Seasons remind us of the presence of powerful forces beyond our control. There is both mystery and order to the way the world works.  As mentioned, some of it we understand and some of it will always be too big for us.  The order and predictability of the seasons is reassuring in a world that doesn’t always make sense. And the mystery and grandeur of seasonal change inspires a sense of awe and wonder that keeps us from becoming what Einstein might call snuffed out candles.

Here’s to candles that continue to burn brightly. Happy fall.

Although Seasonal Affective Disorder, depression affects many believers, “joy comes in the morning”

Winter-trees-without-leavesI’ve been writing articles on spiritual disciplines this month.  I intend to continue that series, but since the weatherman is insisting that this weekend will be cold and wet, I’d like to shift gears.  This article is for readers who struggle with seasonal affective disorder or mild depression during the winter months.

Over twelve years ago, I didn’t realize how widespread seasonal depression was in our state because, being from sunny Florida, I didn’t even know such a thing existed.

In the first year we moved, there was a snowstorm in Atlanta and my wife and I didn’t waste time in building snowmen, making snow angels, and tossing around a few snowballs for fun.  We took pictures of our snow-covered cars for family in Florida.  It was really fun.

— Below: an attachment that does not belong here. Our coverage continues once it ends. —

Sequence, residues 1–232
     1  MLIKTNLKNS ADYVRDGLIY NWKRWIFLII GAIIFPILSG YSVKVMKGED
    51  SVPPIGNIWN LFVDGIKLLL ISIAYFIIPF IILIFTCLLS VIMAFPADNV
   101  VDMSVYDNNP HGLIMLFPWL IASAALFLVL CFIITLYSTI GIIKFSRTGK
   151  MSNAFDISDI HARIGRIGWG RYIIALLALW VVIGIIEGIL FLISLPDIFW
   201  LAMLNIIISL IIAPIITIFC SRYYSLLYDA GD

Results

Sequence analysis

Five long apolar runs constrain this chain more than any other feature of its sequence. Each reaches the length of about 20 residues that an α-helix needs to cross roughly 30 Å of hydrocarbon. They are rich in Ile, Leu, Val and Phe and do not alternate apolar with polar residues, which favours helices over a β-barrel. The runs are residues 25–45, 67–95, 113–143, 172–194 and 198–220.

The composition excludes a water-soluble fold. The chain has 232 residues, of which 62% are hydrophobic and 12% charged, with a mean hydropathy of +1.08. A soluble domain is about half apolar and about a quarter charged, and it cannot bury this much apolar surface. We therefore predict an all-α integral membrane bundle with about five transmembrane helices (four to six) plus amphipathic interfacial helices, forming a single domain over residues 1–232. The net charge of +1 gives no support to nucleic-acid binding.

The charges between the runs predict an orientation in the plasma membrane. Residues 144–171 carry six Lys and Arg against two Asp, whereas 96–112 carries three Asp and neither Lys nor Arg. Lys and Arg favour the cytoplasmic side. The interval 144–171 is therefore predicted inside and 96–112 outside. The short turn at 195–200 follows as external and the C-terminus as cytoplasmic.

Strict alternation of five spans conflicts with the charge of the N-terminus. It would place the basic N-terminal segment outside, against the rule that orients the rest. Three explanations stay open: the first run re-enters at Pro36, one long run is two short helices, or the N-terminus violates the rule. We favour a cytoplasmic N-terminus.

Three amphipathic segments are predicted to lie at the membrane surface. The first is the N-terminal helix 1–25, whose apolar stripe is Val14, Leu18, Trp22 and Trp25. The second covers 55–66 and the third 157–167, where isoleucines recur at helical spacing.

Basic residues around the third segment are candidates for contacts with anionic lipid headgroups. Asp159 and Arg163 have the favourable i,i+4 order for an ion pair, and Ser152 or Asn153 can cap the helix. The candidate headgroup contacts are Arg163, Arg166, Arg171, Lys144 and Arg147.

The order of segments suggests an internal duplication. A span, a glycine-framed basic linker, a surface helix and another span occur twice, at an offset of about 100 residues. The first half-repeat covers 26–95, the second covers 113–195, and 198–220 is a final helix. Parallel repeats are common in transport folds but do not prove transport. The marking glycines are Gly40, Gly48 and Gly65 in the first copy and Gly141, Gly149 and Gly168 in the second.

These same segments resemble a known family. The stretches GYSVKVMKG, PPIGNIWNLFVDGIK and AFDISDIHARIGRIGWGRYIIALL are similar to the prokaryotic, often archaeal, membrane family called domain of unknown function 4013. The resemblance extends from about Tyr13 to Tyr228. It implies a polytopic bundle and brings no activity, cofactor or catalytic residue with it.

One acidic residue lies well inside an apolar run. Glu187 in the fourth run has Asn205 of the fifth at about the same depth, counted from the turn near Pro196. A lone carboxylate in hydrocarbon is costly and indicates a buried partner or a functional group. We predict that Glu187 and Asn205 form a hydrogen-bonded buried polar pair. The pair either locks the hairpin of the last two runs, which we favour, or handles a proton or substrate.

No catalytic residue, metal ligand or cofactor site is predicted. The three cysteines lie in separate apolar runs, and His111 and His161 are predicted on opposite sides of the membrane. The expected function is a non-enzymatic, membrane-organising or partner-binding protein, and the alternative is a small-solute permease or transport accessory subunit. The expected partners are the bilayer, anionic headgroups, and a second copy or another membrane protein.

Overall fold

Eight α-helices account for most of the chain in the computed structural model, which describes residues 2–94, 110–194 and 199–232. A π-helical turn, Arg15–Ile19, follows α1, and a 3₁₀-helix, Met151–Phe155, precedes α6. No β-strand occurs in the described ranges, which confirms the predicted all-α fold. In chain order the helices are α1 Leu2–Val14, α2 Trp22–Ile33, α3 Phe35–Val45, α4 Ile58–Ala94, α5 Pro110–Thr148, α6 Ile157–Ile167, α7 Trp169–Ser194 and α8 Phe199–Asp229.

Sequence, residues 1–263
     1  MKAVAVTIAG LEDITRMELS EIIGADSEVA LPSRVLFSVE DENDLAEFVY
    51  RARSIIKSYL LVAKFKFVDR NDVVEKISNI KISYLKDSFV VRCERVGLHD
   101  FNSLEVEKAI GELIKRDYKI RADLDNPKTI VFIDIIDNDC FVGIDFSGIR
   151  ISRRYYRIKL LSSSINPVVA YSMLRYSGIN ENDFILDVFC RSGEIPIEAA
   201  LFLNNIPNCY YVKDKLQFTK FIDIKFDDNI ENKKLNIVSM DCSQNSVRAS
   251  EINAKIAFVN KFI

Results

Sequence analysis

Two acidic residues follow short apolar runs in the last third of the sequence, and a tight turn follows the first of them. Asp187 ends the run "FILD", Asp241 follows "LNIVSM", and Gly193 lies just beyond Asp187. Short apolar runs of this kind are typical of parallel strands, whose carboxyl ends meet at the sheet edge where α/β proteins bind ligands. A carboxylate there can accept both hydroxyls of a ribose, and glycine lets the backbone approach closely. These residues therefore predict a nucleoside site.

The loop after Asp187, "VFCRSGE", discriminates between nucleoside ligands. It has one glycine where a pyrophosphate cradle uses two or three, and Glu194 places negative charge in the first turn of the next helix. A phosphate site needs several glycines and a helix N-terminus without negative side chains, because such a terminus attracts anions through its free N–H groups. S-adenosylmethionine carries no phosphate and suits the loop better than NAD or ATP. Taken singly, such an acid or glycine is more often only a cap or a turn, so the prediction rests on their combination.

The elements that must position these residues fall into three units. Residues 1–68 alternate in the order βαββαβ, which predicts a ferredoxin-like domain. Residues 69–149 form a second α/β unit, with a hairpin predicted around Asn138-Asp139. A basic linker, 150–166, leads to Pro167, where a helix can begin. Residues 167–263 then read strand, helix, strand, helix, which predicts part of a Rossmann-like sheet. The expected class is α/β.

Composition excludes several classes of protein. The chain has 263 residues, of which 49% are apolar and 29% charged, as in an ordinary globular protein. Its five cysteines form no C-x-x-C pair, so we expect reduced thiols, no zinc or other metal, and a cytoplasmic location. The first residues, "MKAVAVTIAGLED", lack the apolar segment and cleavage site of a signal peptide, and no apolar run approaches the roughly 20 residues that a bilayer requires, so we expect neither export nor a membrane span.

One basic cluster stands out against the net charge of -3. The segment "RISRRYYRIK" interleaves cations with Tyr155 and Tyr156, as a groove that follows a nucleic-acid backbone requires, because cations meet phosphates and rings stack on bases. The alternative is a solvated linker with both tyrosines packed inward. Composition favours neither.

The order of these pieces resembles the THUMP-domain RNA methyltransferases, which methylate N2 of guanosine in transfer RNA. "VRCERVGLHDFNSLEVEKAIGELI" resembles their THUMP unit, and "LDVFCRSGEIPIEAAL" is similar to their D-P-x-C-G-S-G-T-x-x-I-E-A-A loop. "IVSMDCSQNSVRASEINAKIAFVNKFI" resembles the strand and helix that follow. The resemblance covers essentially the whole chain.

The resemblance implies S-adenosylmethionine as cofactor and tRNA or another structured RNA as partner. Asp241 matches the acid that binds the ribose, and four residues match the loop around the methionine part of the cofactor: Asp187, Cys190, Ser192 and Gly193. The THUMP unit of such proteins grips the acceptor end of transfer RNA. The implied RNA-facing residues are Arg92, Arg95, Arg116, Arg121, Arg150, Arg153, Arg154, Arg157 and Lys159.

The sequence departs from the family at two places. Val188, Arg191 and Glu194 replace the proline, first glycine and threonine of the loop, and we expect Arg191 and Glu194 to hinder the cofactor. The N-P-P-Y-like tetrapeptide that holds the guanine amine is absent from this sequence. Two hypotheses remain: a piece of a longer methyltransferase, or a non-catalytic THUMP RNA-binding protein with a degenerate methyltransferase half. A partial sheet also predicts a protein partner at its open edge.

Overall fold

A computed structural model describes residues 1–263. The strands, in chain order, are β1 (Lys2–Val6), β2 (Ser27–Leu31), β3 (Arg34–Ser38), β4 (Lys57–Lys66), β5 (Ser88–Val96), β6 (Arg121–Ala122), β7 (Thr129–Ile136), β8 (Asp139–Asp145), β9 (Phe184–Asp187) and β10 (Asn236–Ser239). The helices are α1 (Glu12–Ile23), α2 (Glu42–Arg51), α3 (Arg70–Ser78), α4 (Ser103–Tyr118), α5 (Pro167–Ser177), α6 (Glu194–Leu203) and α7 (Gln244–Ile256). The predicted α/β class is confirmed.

The seasons changed, and I appreciated all that God had to offer in creation: from the Spring-time mating calls of birds to the autumnal change of the leaves.  But then, about the second or third year here, I started to feel differently in the winter time.

I believe it was in the dead winter of 2004-2005 when I went to a friend–a social worker who knew more about counseling than I–to tell her that I had feelings of isolation and depression that I had never felt before in my life.  She recommended a therapist, and I went with great results.

Spring came, and I recovered quite well from the whole ordeal.  Our first child turned one, and things moved right along.  Then, when winter hit again the following year, those same feelings erupted.  I became melancholy and lethargic; I gained weight.  Although my withdrawal wasn’t as severe as the previous winter, I definitely felt differently.

I noticed a pattern as the years passed.  Winter came and I would get severe mood swings.  Finally, when last year’s winter proved mild, I got scared: winter came, then springtime, but I never recovered.

I was burned out, and my family and friends noticed a difference.  My best friend of twenty years told me that I seemed depressed to him, and he mentioned on more than one occasion that I was always the life of the party, what had happened?

Although we ministers–and Christians in general–like to spiritualize things and blame either Satan, sin, or dysfunction for mood swings and illness, I acknowledged that I was no different than roughly 6% of the U.S. population that struggles with what many doctors call seasonal affective disorder or SAD.

SAD is not uncommon for people who face harsh winters or, in the least, winters in which very little sunlight is available.  It can be a symptom of mild depression on the one hand or, in severe cases, bipolar emotional disorder or chronic depression.  It often overlaps one of these conditions, though it can simply affect people who face too much stress in their lives, pastors not withstanding.